history. We find it in the hands of Hindoo gods, and at the base of all the religious
beliefs of antiquity.
"Among the numerals the sacred three has ever been considered the mark of perfection,
and was therefore exclusively ascribed to the Supreme Deity, or to its earthly
representative--a king, emperor, or any sovereign. For this reason triple emblems
of various shapes are found on the belts, neckties, or any encircling fixture,
as can be seen on the works of ancient art in Yucatan, Guatemala, Chiapas, Mexico,
etc., whenever the object has reference to divine supremacy." (Dr. Arthur Schott,
"Smith. Rep.," 1869, p. 391.)
We are reminded of the, "tiara," and the "triple round of sovereignty." In
the same manner the ten kingdoms of Atlantis are perpetuated in all the ancient
"In the number given by the Bible for the Antediluvian patriarchs we have the
first instance of a striking agreement with the traditions of various nations.
Ten are mentioned in the Book of Genesis. Other nations, to whatever epoch they
carry back their ancestors, whether before or after the Deluge, whether the mythical
or historical character prevail, they are constant to this sacred number ten,
which some have vainly attempted to connect with the speculations of later religious
philosophers on the mystical value of numbers. In Chaldea, Berosus enumerates
ten Antediluvian kings whose fabulous reign extended to thousands of years. The
legends of the Iranian race commence with the. reign of ten Peisdadien (Poseidon?)
kings, 'men of the ancient law, who lived on pure Homa (water of life)' (nectar?),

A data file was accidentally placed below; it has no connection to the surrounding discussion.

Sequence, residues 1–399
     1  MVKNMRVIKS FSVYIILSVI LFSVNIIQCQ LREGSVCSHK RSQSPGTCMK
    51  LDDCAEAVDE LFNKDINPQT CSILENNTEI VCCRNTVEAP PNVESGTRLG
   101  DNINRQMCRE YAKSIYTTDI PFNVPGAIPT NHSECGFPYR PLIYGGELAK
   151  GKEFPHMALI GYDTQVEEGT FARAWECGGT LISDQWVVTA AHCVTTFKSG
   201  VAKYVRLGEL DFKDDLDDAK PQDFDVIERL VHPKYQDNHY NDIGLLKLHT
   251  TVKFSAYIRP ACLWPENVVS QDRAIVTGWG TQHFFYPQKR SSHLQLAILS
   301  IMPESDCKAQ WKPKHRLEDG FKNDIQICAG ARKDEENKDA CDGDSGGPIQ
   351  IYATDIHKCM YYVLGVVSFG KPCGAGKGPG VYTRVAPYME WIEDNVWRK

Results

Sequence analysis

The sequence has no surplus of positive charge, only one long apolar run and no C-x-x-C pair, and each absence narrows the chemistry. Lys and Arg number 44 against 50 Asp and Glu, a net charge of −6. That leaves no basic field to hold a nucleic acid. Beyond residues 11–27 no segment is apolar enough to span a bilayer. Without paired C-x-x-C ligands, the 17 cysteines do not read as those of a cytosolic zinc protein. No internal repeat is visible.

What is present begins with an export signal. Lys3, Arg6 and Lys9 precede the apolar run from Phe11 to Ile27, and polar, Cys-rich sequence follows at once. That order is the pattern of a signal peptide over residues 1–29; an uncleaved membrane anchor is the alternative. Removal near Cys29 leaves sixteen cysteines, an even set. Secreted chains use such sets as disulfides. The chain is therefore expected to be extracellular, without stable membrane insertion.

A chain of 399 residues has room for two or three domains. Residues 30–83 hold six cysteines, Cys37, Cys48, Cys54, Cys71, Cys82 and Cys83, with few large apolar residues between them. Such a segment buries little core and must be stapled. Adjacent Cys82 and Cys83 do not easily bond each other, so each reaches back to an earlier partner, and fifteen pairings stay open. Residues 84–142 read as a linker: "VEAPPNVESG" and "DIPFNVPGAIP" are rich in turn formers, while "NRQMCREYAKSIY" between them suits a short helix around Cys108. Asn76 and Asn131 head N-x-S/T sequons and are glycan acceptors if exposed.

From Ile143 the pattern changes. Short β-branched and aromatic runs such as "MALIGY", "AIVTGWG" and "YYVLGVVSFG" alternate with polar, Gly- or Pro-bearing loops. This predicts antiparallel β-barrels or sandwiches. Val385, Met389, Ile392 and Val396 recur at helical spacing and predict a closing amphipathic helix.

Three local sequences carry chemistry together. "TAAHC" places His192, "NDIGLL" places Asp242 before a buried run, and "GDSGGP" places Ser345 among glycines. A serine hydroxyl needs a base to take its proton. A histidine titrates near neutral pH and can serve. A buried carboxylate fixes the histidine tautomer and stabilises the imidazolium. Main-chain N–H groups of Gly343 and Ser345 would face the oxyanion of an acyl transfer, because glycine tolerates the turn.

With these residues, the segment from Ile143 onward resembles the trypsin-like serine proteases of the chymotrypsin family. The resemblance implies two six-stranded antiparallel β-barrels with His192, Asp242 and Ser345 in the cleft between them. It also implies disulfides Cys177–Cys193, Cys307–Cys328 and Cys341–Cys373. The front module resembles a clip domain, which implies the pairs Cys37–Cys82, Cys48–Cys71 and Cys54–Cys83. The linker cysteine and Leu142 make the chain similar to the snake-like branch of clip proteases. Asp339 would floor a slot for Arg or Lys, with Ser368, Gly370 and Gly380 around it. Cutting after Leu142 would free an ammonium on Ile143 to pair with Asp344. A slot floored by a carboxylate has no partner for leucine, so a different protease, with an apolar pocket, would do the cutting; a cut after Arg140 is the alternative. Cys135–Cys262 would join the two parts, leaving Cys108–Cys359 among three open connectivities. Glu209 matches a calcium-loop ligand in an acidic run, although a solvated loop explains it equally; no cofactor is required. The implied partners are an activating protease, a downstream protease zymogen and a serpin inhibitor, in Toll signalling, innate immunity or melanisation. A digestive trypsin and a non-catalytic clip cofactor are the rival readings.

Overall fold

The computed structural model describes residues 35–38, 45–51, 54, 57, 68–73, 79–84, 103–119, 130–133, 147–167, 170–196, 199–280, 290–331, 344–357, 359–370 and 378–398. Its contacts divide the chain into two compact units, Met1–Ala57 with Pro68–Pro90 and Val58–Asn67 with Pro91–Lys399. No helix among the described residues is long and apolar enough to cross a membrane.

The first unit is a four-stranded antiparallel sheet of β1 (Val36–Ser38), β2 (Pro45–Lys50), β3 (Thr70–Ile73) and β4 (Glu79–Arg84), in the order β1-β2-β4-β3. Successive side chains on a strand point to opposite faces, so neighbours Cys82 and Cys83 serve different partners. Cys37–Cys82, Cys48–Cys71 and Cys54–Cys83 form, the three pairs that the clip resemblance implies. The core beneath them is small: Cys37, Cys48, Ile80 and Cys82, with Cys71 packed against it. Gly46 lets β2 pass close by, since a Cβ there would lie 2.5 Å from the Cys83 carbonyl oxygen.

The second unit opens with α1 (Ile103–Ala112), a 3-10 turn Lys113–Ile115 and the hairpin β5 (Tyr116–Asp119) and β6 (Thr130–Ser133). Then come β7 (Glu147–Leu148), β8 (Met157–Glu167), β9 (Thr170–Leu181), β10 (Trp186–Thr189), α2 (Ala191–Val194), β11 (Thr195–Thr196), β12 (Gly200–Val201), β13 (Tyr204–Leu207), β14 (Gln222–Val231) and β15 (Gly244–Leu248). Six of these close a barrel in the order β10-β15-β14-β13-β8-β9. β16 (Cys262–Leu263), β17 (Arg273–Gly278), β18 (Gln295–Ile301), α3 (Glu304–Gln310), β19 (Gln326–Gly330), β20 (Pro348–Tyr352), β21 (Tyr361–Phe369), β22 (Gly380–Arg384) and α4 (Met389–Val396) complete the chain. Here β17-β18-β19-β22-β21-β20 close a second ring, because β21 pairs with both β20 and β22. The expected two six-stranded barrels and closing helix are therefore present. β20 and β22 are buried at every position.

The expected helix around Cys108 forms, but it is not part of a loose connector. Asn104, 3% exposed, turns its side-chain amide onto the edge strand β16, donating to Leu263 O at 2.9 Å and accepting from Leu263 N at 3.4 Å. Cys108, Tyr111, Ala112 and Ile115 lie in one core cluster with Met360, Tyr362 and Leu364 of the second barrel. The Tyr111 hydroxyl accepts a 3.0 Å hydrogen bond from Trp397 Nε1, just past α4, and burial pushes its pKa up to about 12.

'and who preserved their sanctity.' In India we meet with the nine Brahmadikas,
who, with Brahma, their founder, make ten, and who are called the Ten Petris,
or Fathers. The Chinese count ten emperors, partakers of the divine nature, before
the dawn of historical times. The Germans believed in the ten ancestors of Odin,
and the Arabs in the ten mythical kings of the Adites." (Lenormant and Chevallier,
"Anc. Hist. of the East," vol. i., p. 13.)
The story of Plato finds confirmation from other sources.
An extract preserved in Proclus, taken from a work now lost, which is quoted
by Boeckh in his commentary on Plato, mentions islands in the exterior sea, beyond
the Pillars of Hercules, and says it was known that in one of these islands "the
inhabitants preserved from their ancestors a remembrance of Atlantis, all extremely
large island, which for a long time held dominion over all the islands of the
ian, in his "Varia Historia" (book iii., chap. xviii.), tells us that Theopompus
(400 B.C.) related the particulars of an interview between Midas, King of Phrygia,
and Silenus, in which Silenus reported the existence of a great continent beyond
the Atlantic, "larger than Asia, Europe, and Libya together." He stated that a
race of men called Meropes dwelt there, and had extensive cities. They were persuaded
that their country alone was a continent. Out of curiosity some of them crossed
the ocean and visited the Hyperboreans.
"The Gauls possessed traditions upon the subject of Atlantis which were collected
by the Roman historian Timagenes, who lived in the first century before Christ.
He represents that three distinct people dwelt in Gaul: 1. The indigenous population,
which I suppose to be Mongoloids, who had long dwelt in Europe; 2. The invaders
from a distant island, which I understand to be Atlantis; 3. The Aryan Gauls."
("Preadamites," p. 380.)
Marcellus, in a work on the Ethiopians, speaks of seven islands lying in the
Atlantic Ocean--probably the Canaries--and the inhabitants of these islands, he
says, preserve the memory of a much greater island, Atlantis, "which had for a
long time exercised dominion over the smaller ones." (Didot Mler, "Fragmenta
Historicorum Grorum," vol. iv., p. 443.)
Diodorus Siculus relates that the Phnicians discovered "a large island in
the Atlantic Ocean, beyond the Pillars of Hercules, several days' sail from the
coast of Africa. This island abounded in all manner of riches. The soil was exceedingly
fertile; the scenery was diversified by rivers, mountains, and forests. It was
the custom of the inhabitants to retire during the summer to magnificent country-houses,
which stood in the midst of beautiful gardens. Fish and game were found in great
abundance; the climate was delicious, and the trees bore fruit at all seasons
of the year." Homer, Plutarch, and other ancient writers mention islands situated